AUGUSTA, Ga. -- This photo will sit in Chris Whitten's office, or maybe his house, for the rest of his life. He's the guy wearing the No. 7 bib. What will he remember about the day it was taken? The sun was warm, the smell of flowers and pine trees strong. Huge crowds swelled around the pond. When the afternoon began, he was part of that crowd.
He'd come down from his job as a Michigan assistant golf coach with phenom amateur Jun Min "Lion" Kim. It was a Wednesday. He'll remember that detail. The Par 3 Tournament. He stood in the crowd, watching, happy just to be here. Then, Kim's swing coach found him in the mass and asked if he'd like to take over as caddie. Whitten didn't say anything. Will he remember the nerves rising in his gut? The swing coach looked him in the face and said, "Just say yes."
Whitten hurriedly changed into the white overalls and, on the second tee, he was a caddie. The time flew past, and it was over. Will he remember standing on the side of the final green, looking at his green caddie's cap, with the cardboard still in place, and say, a kid again, "I think I get to keep the hat"? Will he remember asking the group to pose for a picture and having the pros, Bubba Watson and Aaron Baddeley, wait there for everyone to gather?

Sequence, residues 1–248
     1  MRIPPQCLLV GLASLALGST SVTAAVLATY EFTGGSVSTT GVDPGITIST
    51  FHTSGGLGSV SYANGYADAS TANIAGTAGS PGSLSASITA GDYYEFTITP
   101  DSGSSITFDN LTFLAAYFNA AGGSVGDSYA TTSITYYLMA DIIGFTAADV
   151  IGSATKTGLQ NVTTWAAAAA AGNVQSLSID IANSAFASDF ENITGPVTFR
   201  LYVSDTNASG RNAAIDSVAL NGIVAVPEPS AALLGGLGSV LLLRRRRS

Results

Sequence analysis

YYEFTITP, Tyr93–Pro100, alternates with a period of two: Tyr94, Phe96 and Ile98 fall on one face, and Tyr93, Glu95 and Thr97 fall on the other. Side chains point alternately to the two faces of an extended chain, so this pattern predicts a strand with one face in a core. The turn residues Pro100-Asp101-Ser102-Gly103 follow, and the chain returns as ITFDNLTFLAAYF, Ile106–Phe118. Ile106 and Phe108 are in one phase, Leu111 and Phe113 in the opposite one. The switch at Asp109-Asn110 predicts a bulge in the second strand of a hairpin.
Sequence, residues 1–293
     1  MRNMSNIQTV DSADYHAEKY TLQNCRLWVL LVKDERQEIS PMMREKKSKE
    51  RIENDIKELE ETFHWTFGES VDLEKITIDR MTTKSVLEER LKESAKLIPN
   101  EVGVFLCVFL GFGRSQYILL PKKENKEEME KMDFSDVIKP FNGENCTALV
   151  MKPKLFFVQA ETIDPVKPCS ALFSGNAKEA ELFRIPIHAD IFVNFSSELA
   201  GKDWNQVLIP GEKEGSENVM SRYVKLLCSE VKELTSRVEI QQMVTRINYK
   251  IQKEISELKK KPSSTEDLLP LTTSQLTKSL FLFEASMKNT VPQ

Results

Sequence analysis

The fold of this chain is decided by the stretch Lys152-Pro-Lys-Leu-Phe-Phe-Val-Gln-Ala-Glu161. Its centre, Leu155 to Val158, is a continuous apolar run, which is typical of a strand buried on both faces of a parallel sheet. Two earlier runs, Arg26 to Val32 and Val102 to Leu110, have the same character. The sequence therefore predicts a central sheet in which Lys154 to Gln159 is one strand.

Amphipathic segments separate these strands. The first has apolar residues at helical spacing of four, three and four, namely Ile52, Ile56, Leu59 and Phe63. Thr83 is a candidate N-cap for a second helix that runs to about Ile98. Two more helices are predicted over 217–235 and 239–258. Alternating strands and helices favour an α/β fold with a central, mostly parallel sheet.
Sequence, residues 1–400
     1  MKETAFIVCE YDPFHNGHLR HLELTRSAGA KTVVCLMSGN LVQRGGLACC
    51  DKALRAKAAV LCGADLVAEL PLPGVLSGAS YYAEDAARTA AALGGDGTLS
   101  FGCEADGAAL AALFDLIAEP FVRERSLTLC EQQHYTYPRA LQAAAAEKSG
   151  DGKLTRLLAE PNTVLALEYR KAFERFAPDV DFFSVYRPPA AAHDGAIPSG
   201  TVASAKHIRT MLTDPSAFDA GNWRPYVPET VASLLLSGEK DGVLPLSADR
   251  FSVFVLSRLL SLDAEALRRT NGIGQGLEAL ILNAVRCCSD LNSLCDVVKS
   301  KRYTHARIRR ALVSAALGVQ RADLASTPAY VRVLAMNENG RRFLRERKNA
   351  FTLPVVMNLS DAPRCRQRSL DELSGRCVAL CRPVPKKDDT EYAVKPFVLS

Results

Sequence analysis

Everyone stood on the bank of the pond, smiles and handshakes, and Whitten said, quietly, "Don't fall in the lake. Don't fall in the lake." They all posed, two famous pro golfers, Baddeley's wife and his two little girls, one of whom had just drained a putt to a roaring applause and a high-five from dad. They crowded together, looked into the camera. Well, most of them. Jolee, 10 months old, slept in a bundle in her mama's arms. Jewell, 2½, stuck a finger in her ear. The shadows stretched and the camera clicked, and everyone went their separate ways: Baddeley with his family, Bubba to the pin to taunt his buddy Rickie Fowler, who was hitting next into the green; Kim to get ready for his round, and the career that will follow it. Whitten slipped out of the white bib, back into street clothes. He blended into the crowd, the day now the property of his memories and a photograph that he'll always keep.